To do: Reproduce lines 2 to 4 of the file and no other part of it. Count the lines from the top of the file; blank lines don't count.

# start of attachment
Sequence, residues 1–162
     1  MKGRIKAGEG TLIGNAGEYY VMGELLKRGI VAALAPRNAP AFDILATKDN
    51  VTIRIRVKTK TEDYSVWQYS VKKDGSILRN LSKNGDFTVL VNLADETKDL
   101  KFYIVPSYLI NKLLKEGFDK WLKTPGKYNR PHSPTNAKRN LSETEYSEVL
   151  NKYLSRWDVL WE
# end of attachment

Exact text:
     1  MKGRIKAGEG TLIGNAGEYY VMGELLKRGI VAALAPRNAP AFDILATKDN
    51  VTIRIRVKTK TEDYSVWQYS VKKDGSILRN LSKNGDFTVL VNLADETKDL
   101  KFYIVPSYLI NKLLKEGFDK WLKTPGKYNR PHSPTNAKRN LSETEYSEVL